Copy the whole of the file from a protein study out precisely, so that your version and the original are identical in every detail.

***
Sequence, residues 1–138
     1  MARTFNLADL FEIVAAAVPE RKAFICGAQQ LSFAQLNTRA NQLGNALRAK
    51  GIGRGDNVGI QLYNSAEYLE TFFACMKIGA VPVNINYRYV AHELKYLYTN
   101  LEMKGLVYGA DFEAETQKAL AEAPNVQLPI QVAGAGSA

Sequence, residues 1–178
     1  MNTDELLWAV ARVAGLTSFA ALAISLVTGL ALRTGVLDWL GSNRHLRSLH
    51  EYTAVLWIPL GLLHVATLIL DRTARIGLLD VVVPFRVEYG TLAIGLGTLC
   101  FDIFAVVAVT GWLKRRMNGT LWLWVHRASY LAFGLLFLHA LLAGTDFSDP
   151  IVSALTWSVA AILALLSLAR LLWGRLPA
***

Sequence, residues 1–138
     1  MARTFNLADL FEIVAAAVPE RKAFICGAQQ LSFAQLNTRA NQLGNALRAK
    51  GIGRGDNVGI QLYNSAEYLE TFFACMKIGA VPVNINYRYV AHELKYLYTN
   101  LEMKGLVYGA DFEAETQKAL AEAPNVQLPI QVAGAGSA

Sequence, residues 1–178
     1  MNTDELLWAV ARVAGLTSFA ALAISLVTGL ALRTGVLDWL GSNRHLRSLH
    51  EYTAVLWIPL GLLHVATLIL DRTARIGLLD VVVPFRVEYG TLAIGLGTLC
   101  FDIFAVVAVT GWLKRRMNGT LWLWVHRASY LAFGLLFLHA LLAGTDFSDP
   151  IVSALTWSVA AILALLSLAR LLWGRLPA